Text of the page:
While the U.S. Supreme Court is deciding whether it’s lawful to covertly track a suspected felon through warrantless GPS monitoring (see April 15, 2011 petition here), the European Commission is tackling a more powerful, already implemented technology that could potentially threaten everyone’s privacy if left unregulated.


Ever heard of the “Internet of Things?” The term was coined by the Radio Frequency Identification (RFID) community 10 years ago and refers to sensors that can read physical, environmental changes and report them back over the internet. (RFID technology uses radio waves to identify data from an electronic tag and has commonly been used by businesses for inventory management and logistics.)

The Internet of Things is a collection of sensors that are “readable, recognizable, locatable, addressable and/or controllable via the Internet.” Imagine these as sensors of any kind with the ability to monitor any type of action, including radiation detection.

The good news about having lots of sensors spread around: The recent devastating earthquakes and tsunami in Japan prompted a need for immediate region-wide radiation detection. During what has emerged in the last few weeks as a nuclear accident ranked as seriously as Chernobyl, the internet of things played its part in monitoring and reporting back over IP (Internet Protocol) the radiation levels in real-time to news sources, rescue and aid organizations, and the brave cleanup crews. Hundreds of radiation sensors, very much like weather sensors, were already in place – strategically positioned around the country for an event just like this disaster.

Sensors, like the ones used to monitor radiation in Japan, can all be operated remotely and businesses are beginning to use them in remarkable ways. One company allows food suppliers to trace their goods along the supply chain, allowing their customers to see where the food came from. Another lets farmers monitor the health and vitals of their livestock through sensors planted in an animal’s ear. And the technology is not reserved only for businesses, thanks to a company making recent waves in the news called Pachube.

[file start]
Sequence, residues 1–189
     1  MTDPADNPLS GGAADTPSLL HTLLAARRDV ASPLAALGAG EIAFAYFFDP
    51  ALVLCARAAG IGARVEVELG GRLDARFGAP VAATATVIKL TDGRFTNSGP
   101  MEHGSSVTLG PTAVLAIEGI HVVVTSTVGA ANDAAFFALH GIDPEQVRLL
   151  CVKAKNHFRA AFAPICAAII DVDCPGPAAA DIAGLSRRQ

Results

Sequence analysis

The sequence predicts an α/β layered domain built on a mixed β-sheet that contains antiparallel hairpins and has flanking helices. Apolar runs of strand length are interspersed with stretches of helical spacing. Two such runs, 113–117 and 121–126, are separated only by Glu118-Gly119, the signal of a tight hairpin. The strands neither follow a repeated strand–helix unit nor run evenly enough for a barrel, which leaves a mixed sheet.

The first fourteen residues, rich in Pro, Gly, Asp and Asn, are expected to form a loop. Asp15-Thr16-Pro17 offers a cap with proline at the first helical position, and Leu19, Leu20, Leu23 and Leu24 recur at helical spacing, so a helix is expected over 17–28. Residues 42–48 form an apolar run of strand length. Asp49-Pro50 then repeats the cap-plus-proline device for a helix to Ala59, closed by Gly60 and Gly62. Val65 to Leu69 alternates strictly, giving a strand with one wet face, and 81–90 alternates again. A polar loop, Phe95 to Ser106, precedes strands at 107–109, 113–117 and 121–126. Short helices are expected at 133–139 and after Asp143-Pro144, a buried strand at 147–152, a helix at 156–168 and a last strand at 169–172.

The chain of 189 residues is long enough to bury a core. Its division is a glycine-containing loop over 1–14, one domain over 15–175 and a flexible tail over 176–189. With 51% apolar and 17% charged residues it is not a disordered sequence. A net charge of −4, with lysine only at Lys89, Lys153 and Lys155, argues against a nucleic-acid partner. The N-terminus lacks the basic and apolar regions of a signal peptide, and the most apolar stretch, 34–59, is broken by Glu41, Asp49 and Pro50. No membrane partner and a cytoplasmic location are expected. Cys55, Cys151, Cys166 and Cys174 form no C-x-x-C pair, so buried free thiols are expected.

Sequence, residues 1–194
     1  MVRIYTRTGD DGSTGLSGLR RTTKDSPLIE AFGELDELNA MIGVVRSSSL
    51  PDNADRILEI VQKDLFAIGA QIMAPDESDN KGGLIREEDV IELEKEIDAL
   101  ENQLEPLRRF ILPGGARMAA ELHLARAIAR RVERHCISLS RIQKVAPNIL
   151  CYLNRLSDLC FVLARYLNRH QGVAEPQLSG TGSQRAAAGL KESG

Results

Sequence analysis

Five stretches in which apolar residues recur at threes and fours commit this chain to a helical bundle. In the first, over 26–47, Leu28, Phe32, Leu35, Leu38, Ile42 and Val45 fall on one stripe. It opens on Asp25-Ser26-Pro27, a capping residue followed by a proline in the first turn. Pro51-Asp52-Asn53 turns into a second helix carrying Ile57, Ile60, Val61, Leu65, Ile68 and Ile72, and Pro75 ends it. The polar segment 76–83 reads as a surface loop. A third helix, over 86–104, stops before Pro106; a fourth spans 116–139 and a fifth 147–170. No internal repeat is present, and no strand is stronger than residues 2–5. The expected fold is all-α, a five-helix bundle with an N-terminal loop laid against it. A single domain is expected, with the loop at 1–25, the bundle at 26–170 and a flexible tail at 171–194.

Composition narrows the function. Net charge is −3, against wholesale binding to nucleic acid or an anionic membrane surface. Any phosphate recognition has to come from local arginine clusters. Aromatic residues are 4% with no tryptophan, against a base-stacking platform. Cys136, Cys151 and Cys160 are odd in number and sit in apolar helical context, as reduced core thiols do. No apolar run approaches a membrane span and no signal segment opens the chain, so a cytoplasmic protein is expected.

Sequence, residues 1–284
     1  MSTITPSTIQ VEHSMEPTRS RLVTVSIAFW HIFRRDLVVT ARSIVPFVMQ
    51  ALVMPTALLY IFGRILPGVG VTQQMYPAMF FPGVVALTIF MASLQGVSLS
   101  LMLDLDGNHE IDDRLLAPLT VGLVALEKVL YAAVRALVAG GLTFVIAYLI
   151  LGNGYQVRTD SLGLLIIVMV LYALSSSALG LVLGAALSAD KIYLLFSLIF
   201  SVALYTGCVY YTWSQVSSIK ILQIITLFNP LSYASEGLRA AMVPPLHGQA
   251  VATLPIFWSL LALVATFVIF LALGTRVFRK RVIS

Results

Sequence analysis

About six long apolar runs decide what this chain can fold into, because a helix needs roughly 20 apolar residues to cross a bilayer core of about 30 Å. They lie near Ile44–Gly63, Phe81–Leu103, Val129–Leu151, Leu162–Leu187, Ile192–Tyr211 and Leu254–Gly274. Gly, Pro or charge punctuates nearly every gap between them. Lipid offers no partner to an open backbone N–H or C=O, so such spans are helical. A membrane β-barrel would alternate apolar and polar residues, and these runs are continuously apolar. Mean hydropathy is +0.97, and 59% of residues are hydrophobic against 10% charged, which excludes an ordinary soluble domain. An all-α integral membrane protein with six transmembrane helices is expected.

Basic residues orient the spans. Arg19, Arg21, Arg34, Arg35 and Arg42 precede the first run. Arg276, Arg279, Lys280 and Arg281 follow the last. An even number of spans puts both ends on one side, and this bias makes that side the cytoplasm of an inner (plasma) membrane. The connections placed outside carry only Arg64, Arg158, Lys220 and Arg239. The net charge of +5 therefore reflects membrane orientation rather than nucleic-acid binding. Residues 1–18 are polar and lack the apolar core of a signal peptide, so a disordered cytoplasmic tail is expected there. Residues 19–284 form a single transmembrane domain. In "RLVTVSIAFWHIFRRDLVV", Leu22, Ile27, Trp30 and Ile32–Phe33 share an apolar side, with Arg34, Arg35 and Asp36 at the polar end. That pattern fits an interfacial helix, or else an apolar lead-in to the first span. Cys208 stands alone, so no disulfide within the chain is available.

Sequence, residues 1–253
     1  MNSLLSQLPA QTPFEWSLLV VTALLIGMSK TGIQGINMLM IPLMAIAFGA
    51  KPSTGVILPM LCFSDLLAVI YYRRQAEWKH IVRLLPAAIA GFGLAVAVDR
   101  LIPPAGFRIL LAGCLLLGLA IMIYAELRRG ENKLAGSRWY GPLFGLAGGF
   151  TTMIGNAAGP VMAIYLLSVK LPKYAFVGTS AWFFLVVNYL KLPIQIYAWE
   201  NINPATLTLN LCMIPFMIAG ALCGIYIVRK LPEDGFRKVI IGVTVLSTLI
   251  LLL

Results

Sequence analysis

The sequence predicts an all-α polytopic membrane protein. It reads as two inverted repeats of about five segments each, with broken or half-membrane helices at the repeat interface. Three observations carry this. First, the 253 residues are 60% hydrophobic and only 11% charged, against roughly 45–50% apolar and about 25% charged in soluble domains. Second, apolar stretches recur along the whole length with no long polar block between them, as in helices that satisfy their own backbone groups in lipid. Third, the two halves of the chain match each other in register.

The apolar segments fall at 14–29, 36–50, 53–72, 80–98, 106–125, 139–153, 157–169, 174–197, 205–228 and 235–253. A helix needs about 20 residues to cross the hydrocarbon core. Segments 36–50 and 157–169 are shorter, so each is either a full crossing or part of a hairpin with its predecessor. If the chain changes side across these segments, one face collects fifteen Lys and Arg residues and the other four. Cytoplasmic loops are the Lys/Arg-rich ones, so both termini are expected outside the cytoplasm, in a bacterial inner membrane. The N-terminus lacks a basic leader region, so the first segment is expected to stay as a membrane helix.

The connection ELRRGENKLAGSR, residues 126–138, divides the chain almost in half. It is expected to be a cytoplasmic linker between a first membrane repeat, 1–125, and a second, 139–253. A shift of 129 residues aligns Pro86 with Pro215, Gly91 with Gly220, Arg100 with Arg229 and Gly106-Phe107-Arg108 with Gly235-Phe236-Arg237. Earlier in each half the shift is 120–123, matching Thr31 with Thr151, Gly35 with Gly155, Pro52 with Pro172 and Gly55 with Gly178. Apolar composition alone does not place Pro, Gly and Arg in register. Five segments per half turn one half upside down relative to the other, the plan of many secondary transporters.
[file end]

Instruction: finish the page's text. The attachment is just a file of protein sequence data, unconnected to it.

Now anyone can use the system to link a sensor, and have the Pachube computer control a setting. For instance, one developer uses a temperature sensor in his office and has Pachube automatically turn on the fan for him. Pachube’s sensor data is available to anyone in real-time, and the service is free. It’s clear that these “smart systems” are allowing businesses to improve their services and better allocate their resources, but they could also be used for more sinister purposes.

But if we let our imagination run a little, we start to see a potential problem for privacy.

Envision walking by a remotely operated sensor, monitored over a service like Pachube, as all of your clothes and your electronic devices contain RFID tags. The sensor reports your exact preferences and the receiving party – the manufacturer, for instance, has your credit card information on file. The sensor now knows exactly who you are from the RFID tags. This is where the implications and dangers of this kind of technology really begin to run rampant and why many countries are already ahead of the game in preparing regulation.      

The European Commission, along with supply chain standards organization GS1 and the European Network and Information Security Agency (ENISA) are partnered in working on implementing guidelines for all companies in Europe using RFID technology in order to address the issue of data-protection. Miguel Lopera, GS1’s CEO, stated that the partnership is working so that “no personal data is actually present on a tag.” Is it then up to the individual companies to protect the purchaser’s information in some sort of gentleman’s agreement?

Sensors like the ones used to transmit radiation data in Japan are undeniably important during a crisis. If left unchecked, this technology, along with Pachube’s efforts to “democratize the sensor” could allow anyone to set up a sensor and secretly monitor what it is reading.

I don’t know about you, but that idea scares me.